March 25th is the feast of the Annunciation, one of the most important dates in the Christian calendar, which celebrates the moment the Archangel Gabriel announced to the Virgin Mary that she would conceive and become the mother of Jesus, the Son of God (Luke 1: 26–38).
The Annunciation is one of the most popular subjects of Christian art; the oldest known image dates back to the 4th century and is to be found in the Catacombs of Priscilla.
The main protagonists in this sacred drama are Mary, the Archangel Gabriel, the Holy Spirit (which takes the form of a dove) and, more often than not, God the Father. On very rare occasions the dove is replaced by a flying, cross-carrying homunculus, as can be seen in a badly-damaged fresco in the portico of the church of Santa Maria in Trastevere (see below).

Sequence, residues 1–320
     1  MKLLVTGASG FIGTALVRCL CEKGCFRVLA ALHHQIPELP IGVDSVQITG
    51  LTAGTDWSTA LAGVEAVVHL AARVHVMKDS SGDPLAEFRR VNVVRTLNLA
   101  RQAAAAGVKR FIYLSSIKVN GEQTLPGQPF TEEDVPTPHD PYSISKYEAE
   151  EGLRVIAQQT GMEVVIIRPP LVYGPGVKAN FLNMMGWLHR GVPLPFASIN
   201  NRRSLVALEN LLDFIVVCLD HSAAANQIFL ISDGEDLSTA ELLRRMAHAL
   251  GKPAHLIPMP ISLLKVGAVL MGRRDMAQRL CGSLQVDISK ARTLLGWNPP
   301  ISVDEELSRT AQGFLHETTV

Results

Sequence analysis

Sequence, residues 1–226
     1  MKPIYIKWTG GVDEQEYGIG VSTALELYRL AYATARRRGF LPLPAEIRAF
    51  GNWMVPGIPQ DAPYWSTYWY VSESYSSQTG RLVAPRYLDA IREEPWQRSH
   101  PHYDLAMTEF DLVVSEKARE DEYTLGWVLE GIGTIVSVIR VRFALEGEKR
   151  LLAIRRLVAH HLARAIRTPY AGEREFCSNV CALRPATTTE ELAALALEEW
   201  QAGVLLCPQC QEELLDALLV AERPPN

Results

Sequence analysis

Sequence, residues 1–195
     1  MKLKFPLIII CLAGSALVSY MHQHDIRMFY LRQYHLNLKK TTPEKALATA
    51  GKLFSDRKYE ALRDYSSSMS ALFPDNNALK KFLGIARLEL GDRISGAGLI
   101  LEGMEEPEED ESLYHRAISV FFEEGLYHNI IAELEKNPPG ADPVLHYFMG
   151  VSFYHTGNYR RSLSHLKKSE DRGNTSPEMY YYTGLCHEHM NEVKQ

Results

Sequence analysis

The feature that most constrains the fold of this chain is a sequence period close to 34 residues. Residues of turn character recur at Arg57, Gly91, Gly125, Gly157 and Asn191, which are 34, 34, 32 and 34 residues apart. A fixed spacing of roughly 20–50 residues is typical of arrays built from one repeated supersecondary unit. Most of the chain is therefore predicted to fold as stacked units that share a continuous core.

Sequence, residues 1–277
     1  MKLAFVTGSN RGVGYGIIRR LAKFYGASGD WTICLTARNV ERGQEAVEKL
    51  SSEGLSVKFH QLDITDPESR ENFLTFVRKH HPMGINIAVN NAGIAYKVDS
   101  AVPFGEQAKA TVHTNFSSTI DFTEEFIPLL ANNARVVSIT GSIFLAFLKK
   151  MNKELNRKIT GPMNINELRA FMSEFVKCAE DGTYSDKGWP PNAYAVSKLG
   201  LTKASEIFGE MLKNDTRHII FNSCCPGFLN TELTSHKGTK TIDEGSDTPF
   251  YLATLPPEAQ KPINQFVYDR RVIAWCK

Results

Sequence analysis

March 25th, rather than January 1st, once marked the start of the New Year in many countries, including England (until 1752) where the feast of the Annunciation came to be known as Lady Day.
My name is David Lown and I am an art historian from Cambridge, England. Since 2001 I have lived in Italy, where I run private walking tours of Rome.
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